Augusta Bagiennorum was the chief town of the Ligurian tribe of the Bagienni. It was located in what is now the commune of Bene Vagienna, in the province of Cuneo (northern Italy), on the upper course of the Tanaro, about 35 miles (56 km) due south of Turin. The town retained its position as a tribal centre in the reorganization of Roman Emperor Octavian, whose title Augustus is part of its name as a colony, and was erected on a systematic plan.
Considerable remains of public buildings, constructed in concrete faced with small stones with bands of brick at intervals, an amphitheatre with a major axis of c. 120 m and a minor axis of c. 900 m, a theatre with a stage 40 m in length, and near it the foundations of what was probably a basilica, an open space (no doubt the forum), an aqueduct, baths, have been discovered by recent excavations, and also one of the city gates, flanked by two towers.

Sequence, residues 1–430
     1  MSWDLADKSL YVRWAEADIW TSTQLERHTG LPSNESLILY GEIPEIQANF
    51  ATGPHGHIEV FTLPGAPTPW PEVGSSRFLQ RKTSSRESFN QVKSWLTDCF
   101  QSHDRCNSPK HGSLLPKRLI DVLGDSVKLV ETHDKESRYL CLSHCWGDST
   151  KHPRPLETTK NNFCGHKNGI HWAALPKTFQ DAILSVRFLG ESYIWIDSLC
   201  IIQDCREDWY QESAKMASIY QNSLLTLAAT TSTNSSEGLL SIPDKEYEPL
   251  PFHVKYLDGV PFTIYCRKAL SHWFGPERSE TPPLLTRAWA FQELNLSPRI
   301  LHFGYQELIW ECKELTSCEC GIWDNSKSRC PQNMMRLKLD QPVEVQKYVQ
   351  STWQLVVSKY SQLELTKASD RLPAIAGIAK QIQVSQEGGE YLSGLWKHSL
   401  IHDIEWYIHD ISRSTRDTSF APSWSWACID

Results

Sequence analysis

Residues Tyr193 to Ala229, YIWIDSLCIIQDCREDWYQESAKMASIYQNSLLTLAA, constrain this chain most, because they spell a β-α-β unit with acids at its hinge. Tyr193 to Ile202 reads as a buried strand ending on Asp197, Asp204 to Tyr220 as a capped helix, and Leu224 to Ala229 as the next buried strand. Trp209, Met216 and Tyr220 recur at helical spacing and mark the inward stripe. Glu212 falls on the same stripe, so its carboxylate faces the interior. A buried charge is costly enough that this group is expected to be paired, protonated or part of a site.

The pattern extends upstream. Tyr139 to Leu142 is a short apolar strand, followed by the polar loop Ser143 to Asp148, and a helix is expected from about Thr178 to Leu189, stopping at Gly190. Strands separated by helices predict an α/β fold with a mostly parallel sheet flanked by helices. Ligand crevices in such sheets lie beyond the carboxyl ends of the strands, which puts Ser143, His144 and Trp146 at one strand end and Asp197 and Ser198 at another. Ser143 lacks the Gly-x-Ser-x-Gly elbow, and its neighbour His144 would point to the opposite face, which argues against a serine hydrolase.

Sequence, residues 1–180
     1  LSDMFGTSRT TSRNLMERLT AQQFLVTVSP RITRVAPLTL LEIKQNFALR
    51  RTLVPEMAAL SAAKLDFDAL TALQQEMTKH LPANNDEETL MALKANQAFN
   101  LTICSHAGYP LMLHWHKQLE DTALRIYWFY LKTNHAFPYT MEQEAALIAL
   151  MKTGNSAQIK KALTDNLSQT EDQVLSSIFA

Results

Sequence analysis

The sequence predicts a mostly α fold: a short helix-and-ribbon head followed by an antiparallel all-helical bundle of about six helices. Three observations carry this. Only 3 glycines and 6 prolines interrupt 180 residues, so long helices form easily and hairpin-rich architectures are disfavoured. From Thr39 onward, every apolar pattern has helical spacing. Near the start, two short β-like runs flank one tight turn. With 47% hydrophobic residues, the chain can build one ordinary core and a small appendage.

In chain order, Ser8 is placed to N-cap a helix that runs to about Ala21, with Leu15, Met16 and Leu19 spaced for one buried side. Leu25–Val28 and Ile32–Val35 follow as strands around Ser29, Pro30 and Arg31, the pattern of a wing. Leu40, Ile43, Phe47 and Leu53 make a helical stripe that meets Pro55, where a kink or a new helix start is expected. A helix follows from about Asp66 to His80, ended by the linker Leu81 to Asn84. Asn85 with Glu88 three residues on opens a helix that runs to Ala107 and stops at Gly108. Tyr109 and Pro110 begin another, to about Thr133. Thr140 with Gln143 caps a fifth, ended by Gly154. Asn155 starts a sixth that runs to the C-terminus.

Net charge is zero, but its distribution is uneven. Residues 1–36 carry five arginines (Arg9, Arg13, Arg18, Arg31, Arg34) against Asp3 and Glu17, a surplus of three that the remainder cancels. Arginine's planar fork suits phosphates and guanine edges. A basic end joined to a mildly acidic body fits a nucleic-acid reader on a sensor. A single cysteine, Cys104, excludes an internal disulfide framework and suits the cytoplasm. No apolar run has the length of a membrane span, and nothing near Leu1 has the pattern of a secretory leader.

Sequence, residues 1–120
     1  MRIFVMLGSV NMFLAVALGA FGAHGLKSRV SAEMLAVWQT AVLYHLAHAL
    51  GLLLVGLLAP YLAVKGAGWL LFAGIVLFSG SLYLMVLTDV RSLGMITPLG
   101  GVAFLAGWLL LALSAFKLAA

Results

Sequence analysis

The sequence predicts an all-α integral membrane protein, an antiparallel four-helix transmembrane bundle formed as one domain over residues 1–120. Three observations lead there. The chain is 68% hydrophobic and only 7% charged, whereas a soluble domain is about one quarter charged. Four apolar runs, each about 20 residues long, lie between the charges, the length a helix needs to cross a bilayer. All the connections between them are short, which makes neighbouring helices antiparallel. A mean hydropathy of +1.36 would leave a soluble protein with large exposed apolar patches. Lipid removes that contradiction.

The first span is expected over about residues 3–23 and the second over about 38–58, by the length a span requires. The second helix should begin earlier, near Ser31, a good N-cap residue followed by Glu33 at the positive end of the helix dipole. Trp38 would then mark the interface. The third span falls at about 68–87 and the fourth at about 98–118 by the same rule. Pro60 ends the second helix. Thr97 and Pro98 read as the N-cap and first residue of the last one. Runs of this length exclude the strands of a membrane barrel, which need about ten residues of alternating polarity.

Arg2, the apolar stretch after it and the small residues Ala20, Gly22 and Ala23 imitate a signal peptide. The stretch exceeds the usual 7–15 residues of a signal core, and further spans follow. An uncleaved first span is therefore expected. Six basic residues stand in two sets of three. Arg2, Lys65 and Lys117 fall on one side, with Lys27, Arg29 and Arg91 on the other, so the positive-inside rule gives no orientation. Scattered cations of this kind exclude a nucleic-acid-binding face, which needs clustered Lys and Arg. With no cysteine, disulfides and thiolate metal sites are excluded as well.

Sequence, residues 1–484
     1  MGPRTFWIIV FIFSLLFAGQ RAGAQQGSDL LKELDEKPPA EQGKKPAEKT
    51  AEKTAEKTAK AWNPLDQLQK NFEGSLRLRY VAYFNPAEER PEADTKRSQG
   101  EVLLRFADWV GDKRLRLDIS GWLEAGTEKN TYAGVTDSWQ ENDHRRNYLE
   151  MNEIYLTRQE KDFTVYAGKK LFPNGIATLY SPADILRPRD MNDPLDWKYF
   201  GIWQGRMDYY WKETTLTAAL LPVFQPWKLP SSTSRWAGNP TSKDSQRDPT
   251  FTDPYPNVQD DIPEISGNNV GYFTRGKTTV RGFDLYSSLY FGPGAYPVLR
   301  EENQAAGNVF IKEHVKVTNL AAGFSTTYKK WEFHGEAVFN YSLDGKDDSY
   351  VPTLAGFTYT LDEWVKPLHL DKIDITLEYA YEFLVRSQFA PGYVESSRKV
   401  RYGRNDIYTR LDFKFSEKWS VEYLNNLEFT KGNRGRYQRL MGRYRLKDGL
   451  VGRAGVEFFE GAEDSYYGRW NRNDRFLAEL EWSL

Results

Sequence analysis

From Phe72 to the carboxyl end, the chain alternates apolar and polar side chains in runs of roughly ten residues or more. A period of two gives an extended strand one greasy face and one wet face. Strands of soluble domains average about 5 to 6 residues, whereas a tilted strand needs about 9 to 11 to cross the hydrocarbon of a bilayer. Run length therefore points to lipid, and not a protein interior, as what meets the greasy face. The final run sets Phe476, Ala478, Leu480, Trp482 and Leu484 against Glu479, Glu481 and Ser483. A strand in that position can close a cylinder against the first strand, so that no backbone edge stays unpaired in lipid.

The ancient name is also used for a modern natural reserve.
- This article incorporates text from a publication now in the public domain: Chisholm, Hugh, ed. (1911). Encyclopædia Britannica (11th ed.). Cambridge University Press
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